Somersault Movie Review
Heidi (Abbie Cornish) is a naïve teen who lives with her mom and her boyfriend. Before your mind starts flopping around in the gutter, no, the boyfriend does not molest her and he is not an abusive drunk. One morning, after her mom leaves, Heidi comes onto the boyfriend and they begin to kiss, right as Heidi's mom, Nicole (Olivia Pigeot) comes back in to catch them. Quickly, Heidi runs off to the town of Jindabyne, where she shacks up with a local yuppie for a place to stay. Second night, she meets the mysterious and handsome Joe (Sam Worthington), who takes her back to a hotel where they have at it, like we all know they will. Heidi makes friends with the hotel manager Irene (Lynette Curran) and takes a job at the local gas station with Bianca (Hollie Andrew), a strange, presumptuous woman around Heidi's age. The film mainly consists of Heidi trying to keep these relationships in check and trying to make a life out of the nothing that she has.
We have a character, Heidi, and she is played with gravity and nuance by newcomer Abbie Cornish (think young Nicole Kidman). Also, there are complications to that character that are given real power through the cast that outlines Heidi's adventure. The film has heart and soul but it's desperately lacking a body, which, for once, is a negative quality. Shortland's script is shortsighted and never digs enough into the heart of the matter that makes Heidi the fascinating incarnation she is. Robert Humphreys' camerawork brings a magnetic, haunting vibrancy to Heidi's walks alone and Shortland, as a director, gives a crisp feeling to the small, strange happenings that the film brings up, but never really deals with (Joe's homosexuality, Bianca's younger brother, Irene's son). Sadly, these images and ideas are nothing we can't find in meatier, braver films (recently: Ira Sachs' astonishing Forty Shades of Blue, the aforementioned My Summer of Love).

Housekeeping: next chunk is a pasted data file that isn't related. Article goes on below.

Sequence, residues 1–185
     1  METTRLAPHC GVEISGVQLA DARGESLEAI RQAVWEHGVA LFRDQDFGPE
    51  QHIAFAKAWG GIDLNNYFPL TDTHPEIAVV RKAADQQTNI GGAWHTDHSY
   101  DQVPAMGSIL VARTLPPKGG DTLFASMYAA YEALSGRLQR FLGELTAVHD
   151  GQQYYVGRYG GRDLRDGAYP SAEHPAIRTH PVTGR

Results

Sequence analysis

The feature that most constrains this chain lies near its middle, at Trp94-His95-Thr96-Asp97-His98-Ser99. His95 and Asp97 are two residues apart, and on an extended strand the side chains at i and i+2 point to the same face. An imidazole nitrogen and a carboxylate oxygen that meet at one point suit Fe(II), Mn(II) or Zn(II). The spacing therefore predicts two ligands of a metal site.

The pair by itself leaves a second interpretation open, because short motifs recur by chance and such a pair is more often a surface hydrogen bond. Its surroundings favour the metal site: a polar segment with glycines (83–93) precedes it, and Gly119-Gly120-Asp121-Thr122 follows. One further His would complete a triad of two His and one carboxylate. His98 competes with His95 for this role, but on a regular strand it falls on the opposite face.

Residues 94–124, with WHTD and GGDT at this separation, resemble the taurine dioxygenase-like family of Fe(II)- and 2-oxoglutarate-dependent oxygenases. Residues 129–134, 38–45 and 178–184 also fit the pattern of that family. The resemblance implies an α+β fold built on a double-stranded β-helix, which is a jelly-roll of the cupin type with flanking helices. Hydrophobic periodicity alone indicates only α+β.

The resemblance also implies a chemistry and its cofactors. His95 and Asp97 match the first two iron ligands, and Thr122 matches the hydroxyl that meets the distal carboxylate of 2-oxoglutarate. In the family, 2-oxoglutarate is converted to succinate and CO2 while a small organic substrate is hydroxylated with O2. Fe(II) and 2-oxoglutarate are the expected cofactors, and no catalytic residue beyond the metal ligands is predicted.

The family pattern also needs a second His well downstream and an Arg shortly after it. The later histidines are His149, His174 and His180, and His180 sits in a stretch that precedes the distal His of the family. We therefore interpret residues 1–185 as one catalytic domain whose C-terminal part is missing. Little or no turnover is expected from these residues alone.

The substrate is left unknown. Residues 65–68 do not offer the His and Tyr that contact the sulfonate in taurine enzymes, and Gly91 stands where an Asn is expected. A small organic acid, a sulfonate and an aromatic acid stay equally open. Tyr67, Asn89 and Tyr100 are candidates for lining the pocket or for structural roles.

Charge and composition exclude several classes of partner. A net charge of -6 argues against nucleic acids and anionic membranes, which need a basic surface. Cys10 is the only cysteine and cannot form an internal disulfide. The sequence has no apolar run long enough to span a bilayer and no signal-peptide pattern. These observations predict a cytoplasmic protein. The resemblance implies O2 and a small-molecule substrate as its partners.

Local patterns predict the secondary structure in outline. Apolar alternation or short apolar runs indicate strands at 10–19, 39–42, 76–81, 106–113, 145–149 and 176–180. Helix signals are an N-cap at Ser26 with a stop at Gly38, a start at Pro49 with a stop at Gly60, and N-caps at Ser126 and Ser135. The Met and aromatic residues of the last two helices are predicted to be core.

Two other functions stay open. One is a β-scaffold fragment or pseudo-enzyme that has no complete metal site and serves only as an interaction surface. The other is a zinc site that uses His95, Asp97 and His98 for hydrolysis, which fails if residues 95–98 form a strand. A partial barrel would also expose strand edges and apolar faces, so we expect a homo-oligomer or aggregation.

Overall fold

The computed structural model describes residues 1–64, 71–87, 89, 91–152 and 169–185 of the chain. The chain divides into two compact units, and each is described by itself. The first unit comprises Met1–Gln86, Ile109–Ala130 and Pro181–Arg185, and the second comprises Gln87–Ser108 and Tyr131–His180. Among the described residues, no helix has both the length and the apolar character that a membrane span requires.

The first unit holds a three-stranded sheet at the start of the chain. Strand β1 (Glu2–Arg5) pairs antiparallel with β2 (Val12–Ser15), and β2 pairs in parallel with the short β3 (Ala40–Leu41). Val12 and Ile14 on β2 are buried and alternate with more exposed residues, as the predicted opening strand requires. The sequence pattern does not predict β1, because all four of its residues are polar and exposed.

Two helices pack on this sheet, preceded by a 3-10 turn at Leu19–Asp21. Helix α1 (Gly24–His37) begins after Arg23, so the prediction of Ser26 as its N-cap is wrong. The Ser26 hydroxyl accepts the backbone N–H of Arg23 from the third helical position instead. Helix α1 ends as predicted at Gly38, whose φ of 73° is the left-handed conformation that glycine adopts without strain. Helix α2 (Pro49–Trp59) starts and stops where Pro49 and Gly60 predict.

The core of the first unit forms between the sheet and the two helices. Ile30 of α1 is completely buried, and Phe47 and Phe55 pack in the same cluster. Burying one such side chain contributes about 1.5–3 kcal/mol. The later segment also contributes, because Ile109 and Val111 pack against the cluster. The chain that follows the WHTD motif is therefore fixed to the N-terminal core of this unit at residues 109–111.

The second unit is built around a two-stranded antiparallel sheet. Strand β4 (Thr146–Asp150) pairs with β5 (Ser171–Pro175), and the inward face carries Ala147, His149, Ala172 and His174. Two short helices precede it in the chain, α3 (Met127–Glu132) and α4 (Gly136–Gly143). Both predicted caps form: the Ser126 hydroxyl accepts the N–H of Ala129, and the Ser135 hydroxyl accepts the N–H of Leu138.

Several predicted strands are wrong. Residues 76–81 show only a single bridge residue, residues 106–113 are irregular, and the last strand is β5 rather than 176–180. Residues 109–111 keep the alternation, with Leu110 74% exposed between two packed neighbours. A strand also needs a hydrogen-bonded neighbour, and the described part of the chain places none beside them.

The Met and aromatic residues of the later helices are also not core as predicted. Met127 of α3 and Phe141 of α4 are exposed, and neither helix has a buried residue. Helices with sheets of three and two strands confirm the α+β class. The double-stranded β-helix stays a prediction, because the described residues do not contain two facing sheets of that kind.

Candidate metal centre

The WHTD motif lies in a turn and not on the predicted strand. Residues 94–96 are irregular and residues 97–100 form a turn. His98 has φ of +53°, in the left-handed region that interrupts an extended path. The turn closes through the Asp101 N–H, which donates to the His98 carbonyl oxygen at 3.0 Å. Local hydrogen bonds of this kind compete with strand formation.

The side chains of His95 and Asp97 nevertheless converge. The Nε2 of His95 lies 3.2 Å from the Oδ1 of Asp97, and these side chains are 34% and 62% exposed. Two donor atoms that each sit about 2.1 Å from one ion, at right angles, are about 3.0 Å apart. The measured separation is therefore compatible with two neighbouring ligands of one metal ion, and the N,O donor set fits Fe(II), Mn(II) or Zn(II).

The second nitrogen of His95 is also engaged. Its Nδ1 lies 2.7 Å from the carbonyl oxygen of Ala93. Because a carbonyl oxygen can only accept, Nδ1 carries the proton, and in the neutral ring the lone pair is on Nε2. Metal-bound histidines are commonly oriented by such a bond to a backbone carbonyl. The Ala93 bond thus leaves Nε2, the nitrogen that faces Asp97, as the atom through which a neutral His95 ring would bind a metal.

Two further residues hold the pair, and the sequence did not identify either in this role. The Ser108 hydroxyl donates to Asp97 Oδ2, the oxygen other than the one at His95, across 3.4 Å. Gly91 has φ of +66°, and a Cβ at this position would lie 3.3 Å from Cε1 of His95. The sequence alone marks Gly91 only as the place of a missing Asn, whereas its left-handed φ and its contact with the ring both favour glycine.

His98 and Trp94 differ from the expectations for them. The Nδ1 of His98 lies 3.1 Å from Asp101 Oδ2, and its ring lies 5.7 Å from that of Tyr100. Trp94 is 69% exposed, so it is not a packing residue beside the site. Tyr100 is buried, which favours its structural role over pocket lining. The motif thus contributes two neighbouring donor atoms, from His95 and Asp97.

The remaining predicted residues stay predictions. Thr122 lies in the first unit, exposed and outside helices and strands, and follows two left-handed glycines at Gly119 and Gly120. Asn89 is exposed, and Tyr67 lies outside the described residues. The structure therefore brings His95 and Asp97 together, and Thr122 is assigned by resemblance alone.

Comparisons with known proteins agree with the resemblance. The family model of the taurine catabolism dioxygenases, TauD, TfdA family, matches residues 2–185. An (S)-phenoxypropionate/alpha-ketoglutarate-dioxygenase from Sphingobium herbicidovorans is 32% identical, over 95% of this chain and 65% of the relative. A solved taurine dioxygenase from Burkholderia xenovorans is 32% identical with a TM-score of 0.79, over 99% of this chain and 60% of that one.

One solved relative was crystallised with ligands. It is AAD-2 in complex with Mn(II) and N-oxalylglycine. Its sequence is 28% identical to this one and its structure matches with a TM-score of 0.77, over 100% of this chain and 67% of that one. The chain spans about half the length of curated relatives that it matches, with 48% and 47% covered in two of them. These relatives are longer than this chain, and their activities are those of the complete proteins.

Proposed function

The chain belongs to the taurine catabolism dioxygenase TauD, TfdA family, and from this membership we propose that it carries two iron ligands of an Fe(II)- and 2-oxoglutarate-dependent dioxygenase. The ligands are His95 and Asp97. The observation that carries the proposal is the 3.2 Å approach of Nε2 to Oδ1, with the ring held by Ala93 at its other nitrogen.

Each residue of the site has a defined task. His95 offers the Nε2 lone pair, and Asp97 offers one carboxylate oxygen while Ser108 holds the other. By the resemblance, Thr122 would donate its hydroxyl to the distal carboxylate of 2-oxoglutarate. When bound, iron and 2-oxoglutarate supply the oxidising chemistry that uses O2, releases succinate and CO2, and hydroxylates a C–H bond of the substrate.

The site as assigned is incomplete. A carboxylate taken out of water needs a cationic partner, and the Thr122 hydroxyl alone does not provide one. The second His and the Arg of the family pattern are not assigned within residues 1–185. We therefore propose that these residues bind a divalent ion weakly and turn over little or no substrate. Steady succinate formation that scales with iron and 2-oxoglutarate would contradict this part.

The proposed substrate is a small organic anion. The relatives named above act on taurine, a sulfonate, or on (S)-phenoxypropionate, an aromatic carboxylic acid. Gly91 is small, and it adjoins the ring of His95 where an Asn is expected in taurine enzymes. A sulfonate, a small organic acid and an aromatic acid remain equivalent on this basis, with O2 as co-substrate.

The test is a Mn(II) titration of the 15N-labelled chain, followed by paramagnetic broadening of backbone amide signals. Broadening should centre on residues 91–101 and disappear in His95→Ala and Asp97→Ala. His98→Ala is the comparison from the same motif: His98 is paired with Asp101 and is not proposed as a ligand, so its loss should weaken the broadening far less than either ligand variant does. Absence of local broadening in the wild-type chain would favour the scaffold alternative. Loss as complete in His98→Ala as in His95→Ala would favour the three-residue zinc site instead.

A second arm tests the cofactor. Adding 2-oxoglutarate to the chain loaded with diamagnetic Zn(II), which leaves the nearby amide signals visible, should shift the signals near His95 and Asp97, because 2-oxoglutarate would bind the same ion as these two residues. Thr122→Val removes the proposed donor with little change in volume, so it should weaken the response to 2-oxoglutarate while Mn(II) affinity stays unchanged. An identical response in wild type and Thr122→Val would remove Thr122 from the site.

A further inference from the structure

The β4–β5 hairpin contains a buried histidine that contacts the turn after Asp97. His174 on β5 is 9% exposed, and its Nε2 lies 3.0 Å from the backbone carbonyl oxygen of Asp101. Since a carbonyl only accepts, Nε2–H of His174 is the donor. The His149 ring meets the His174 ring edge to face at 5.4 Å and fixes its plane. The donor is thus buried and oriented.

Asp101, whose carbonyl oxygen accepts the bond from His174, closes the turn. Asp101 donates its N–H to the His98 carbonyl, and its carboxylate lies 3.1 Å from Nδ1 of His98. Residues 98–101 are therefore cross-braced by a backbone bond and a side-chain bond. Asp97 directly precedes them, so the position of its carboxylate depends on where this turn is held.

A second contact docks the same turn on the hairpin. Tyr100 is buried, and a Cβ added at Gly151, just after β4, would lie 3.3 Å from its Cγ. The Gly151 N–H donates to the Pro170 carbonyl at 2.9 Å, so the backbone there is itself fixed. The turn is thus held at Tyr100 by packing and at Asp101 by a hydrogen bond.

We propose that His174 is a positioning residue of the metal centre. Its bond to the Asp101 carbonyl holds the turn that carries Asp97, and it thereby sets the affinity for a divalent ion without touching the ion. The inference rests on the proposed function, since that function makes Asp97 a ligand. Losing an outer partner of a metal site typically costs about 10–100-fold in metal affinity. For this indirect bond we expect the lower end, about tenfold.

Somersault swept the Australian Film Institute Awards last year, which is why it got a release in the states. More than likely, it will be released in LA and NYC to a small, interested crowd who either want to look smart or who have friends who worked on the film in Australia. It will be forgotten, and it's hard to make a case for its remembrance. This, however, should not be taken as a sign of a truly bad movie going on under the celluloid. In fact, most people working on the film do their jobs to commendable effect. However, I say this like I would say "That wasn't a bad episode of My So-Called Life". We enjoy and like the film but we are not asked to hang onto it or its ideas. Instead, there are just images of pretty shots and a good-looking Australian girl that we can't really place with a time or setting. Like Patrick Bateman said in American Psycho, there is an idea of a movie here, but no real movie.